Mul­ti­player mode Chaos Squad is ac­cessed from any phone booth in Sun­set City. Here, you and up to seven oth­ers en­gage in a se­ries of col­lab­o­ra­tive and com­pet­i­tive chal­lenges, vot­ing be­tween two op­tions each time: you might as­sault a scav­enger fort as a team, or jos­tle for sup­ply drops to trans­port to a nearby boat. Com­plet­ing bonus ob­jec­tives boosts your com­bined score, and con­trib­utes to a more sub­stan­tial buff for the con­clud­ing night de­fence se­quence, in which it’s all but im­pos­si­ble to main­tain com­po­sure amid the tu­mult. With a full com­ple­ment, that’s eight times the ex­plo­sives, fire­works and cor­ro­sive goop of the al­ready hec­tic cam­paign. But it’s an en­ter­tain­ing mess, and a use­ful one: any­thing you earn or un­lock can be taken back and used in sin­gle­player. a surreal remix of Su­per Mario Sun­shine’s Mecha Bowser face-off, while another set-piece sees you at­tempt­ing to keep up with a dragon as it snakes through the city. It might still have a weak point that re­quires three di­rect hits to bring the beast down, but it’s re­fresh­ing to face an en­emy where you’re not sim­ply hav­ing to dodge pre­dictable at­tack pat­terns be­fore clamp­ing your trig­ger fin­ger over the fire but­ton.

And if the scat­ter­gun hu­mour misses as of­ten as it hits – typ­i­cally, the harder it strains for the zeit­geist, the wider it is of the mark – the game’s ir­rev­er­ent treat­ment of death al­le­vi­ates any frus­tra­tion at re­peated fail­ures. After a short load­ing time, you’ll res­pawn in one of a num­ber of dif­fer­ent ways, emerg­ing from a clay mould or a sar­coph­a­gus, or even climb­ing out of a TV like Sadako from Ring. The down­side to this is that there’s lit­tle sense of peril when you’ve got so lit­tle to lose; in­deed, with gen­er­ous check­point­ing that means you’ll emerge hav­ing lost seconds rather than min­utes of progress, it’s of­ten eas­ier to just let your­self die when you’re low on health rather than strug­gle on with a flash­ing red dis­trac­tion in the top left of the screen.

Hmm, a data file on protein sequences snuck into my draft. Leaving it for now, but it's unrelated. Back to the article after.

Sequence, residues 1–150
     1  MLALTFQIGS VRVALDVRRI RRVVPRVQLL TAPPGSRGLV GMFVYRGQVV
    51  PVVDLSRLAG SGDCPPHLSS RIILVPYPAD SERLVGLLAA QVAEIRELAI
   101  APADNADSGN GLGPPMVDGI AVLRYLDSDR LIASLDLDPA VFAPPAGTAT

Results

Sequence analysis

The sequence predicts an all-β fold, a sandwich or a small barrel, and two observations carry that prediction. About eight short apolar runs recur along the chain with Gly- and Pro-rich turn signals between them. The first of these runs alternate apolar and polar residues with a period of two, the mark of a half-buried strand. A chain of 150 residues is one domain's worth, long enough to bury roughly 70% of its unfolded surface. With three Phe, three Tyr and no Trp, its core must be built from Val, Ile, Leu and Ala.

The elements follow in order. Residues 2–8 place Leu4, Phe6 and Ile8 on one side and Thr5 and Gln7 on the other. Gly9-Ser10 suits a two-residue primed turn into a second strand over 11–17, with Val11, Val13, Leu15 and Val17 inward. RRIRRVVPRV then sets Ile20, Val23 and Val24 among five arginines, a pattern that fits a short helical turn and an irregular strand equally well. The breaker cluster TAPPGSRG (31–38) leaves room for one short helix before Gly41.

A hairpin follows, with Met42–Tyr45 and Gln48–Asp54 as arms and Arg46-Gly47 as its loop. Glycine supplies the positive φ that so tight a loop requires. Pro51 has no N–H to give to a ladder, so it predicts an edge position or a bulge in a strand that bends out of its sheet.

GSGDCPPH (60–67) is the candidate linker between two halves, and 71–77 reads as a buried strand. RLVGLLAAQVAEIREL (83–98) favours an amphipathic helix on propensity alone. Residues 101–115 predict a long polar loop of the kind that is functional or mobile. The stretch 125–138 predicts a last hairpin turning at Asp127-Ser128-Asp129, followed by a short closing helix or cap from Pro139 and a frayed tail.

Such ob­vi­ous ea­ger­ness to please is laud­able in some re­spects, but the in­sis­tent fer­vour with which In­som­niac bom­bards the player – with colours, with ideas, with pick­ups and powerups and buffs and bonuses – means Sun­set Over­drive is best ap­proached as you would any caf­feinated en­ergy drink. In small gulps, it of­fers an ex­hil­a­rat­ing sugar rush, but too much will leave you with a headache. As such, it’s best con­sumed in mod­er­a­tion.

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